Reuters on Monday conveyed statements from Iranian officials describing efforts by the regime to prepare a document that would comprehensively lay out the development of the country’s weapons program, a statement that the outlet read alongside long-standing and explicit demands from the West that Tehran must account for possible military dimensions (PMD) of its atomic program:
The move could meet Western demands for greater transparency to address concerns that Iran may have been trying to develop a nuclear weapons capability, but Behrouz Kamalvandi, spokesman for Iran’s atomic energy agency, made no mention of this.
“There are various files on our atomic programme, but we’re lacking a comprehensive document, which we are writing now,” the official IRNA news agency quoted Kamalvandi as saying.
Iranian diplomats had suggested in March that they might just wait until the very end of negotiations to address PMD-related issues, generating concerns that they intend to maneuver Western negotiators into a position where the Iranians would functionally dare the West to scuttle a mostly written deal over Iranian intransigence on those issues.
The West wants Iran to account for activities ranging from what are widely believed to have been tests related to the development of nuclear warheads – in 2011 the International Atomic Energy Agency (IAEA) accused Tehran of work at its Parchin military facility that provided “strong indicators of possible nuclear weapon development” – to Iranian military participation in the development of the country’s uranium stockpile.
Iran is obligated under United Nations Security Council (UNSC) resolution 1929 to address among other things possible military dimensions of Tehran’s nuclear program:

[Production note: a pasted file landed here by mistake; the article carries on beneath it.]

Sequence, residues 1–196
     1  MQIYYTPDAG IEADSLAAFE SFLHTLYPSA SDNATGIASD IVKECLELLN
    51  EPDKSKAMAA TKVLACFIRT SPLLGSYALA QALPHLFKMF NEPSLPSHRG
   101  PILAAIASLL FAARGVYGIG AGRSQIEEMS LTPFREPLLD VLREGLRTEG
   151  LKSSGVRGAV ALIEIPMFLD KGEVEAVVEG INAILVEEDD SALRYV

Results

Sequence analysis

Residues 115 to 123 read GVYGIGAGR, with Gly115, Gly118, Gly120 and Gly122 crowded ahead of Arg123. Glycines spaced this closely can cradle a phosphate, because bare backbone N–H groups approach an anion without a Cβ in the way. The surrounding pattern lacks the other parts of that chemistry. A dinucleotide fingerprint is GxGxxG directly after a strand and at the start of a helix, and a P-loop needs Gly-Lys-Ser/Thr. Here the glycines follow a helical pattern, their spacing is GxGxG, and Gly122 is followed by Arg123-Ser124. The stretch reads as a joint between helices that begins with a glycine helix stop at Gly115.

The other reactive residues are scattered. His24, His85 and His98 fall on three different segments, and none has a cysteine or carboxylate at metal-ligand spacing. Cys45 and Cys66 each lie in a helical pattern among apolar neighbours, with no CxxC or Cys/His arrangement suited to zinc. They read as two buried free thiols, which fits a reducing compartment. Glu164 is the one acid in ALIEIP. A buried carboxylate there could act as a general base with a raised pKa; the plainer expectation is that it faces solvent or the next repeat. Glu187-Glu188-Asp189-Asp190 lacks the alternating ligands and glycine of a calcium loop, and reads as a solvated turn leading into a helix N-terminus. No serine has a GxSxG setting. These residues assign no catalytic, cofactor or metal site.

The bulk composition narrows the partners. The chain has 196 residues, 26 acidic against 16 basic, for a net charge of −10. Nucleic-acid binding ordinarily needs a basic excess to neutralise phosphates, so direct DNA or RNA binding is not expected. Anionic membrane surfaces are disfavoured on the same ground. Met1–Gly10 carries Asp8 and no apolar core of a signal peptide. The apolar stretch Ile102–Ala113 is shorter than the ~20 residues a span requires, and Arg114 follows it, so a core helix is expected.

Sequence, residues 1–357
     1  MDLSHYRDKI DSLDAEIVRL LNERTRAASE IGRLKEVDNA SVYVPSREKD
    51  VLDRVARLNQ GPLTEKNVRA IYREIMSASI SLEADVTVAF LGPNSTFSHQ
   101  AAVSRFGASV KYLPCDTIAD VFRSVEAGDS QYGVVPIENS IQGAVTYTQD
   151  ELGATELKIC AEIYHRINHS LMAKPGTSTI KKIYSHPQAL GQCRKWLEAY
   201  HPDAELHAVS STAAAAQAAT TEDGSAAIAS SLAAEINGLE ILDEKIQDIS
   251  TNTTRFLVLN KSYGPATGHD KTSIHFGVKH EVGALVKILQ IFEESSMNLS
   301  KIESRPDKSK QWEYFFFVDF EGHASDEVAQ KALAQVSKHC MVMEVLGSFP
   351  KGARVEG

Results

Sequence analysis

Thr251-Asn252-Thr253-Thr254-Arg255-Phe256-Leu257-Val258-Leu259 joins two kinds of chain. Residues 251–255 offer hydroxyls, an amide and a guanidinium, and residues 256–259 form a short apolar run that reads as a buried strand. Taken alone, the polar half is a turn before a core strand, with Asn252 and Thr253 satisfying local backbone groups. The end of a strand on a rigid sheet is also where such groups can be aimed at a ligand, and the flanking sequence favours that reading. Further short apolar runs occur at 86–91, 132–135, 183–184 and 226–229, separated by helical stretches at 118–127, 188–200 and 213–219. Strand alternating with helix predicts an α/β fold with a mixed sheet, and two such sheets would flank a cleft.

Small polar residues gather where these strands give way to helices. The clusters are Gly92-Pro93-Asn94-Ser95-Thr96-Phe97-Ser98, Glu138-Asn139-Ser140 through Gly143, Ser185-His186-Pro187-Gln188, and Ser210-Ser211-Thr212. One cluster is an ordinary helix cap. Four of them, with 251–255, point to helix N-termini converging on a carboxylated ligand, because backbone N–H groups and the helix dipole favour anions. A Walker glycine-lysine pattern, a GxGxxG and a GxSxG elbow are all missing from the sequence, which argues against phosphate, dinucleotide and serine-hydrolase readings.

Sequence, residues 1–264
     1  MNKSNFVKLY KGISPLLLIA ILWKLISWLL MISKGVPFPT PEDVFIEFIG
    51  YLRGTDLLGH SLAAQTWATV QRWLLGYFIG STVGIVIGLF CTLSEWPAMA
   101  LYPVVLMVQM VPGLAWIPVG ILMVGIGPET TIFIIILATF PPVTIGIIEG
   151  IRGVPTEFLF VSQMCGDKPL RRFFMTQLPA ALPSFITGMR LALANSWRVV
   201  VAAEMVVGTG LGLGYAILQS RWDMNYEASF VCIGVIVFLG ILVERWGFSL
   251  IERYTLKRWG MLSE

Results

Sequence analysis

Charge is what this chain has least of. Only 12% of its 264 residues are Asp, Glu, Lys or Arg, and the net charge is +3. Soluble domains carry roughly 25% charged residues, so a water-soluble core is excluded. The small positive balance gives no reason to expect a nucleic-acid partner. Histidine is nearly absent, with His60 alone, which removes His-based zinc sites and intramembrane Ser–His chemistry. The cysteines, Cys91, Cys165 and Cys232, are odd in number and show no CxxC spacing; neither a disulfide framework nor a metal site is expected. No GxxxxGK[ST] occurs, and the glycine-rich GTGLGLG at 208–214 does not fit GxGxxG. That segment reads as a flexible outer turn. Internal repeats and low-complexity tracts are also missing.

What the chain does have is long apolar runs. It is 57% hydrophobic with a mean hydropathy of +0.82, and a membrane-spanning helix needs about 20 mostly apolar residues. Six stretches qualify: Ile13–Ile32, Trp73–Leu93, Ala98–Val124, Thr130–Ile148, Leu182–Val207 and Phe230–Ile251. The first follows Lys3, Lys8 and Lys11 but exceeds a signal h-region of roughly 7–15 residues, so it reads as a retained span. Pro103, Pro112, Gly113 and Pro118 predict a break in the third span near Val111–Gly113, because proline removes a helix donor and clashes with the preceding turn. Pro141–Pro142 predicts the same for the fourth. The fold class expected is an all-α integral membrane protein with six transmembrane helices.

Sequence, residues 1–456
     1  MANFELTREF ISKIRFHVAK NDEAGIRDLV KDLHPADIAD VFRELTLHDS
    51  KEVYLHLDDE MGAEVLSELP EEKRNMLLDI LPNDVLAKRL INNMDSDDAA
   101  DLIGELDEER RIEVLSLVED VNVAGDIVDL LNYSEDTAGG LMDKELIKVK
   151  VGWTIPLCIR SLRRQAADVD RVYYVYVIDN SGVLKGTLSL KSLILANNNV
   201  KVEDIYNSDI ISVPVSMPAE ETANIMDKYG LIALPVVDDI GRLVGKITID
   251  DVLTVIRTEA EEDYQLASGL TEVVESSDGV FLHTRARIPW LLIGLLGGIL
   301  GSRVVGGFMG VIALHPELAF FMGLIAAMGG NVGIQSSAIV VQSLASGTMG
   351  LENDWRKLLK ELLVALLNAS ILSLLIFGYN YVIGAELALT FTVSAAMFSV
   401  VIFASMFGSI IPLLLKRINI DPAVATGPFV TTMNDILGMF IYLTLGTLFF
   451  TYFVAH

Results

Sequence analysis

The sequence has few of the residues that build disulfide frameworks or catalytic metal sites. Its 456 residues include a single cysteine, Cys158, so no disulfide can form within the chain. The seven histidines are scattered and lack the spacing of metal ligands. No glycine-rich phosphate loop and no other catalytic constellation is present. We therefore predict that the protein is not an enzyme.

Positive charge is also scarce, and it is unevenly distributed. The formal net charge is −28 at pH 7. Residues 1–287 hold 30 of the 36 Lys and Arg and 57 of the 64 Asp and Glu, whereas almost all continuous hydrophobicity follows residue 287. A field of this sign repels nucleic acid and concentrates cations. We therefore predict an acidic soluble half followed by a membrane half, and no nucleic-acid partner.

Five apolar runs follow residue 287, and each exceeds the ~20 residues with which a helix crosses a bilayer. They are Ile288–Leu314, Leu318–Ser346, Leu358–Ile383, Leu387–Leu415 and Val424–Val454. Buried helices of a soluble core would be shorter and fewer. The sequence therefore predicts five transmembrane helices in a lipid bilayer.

“Noting with serious concern that, as confirmed by the reports of 27 February 2006 (GOV/2006/15), 8 June 2006 (GOV/2006/38), 31 August 2006 (GOV/2006/53), 14 November 2006 (GOV/2006/64), 22 February 2007 (GOV/2007/8), 23 May 2007 (GOV/2007/122), 30 August 2007 (GOV/2007/48), 15 November 2007 (GOV/2007/58), 22 February 2008 (GOV/2008/4), 26 May 2008 (GOV/2008/115), 15 September 2008 (GOV/2008/38), 19 November 2008 (GOV/2008/59), 19 February 2009 (GOV/2009/8), 5 June 2009 (GOV/2009/35), 28 August 2009 (GOV/2009/55), 16 November 2009 (GOV/2009/74), 18 February 2010 (GOV/2010/10) and 31 May 2010 (GOV/2010/28) of the Director General of the International Atomic Energy Agency (IAEA), Iran has not established full and sustained suspension of all enrichment-related and reprocessing activities and heavy-water-related projects as set out in resolutions 1696 (2006), 1737 (2006), 1747 (2007) and 1803 (2008) nor resumed its cooperation with the IAEA under the Additional Protocol, nor cooperated with the IAEA in connection with the remaining issues of concern, which need to be clarified to exclude the possibility of military dimensions of Iran’s nuclear programme, nor taken the other steps required by the IAEA Board of Governors, nor complied with the provisions of Security Council resolutions 1696 (2006), 1737 (2006), 1747 (2007) and 1803 (2008) and which are essential to build confidence, and deploring Iran’s refusal to take these steps,
Non-compliance with the resolution has been cited in Congressional legislation as a central justification for imposing pressure on the Islamic regime.
A minor controversy occurred in late February when reports emerged that the IAEA had withheld a report documenting further PMDs for which Iran would have had to account. At stake are not just past activities, but the degree to which the Iranian military is tangled in – and must be untangled from – the Islamic republic’s ongoing nuclear work.
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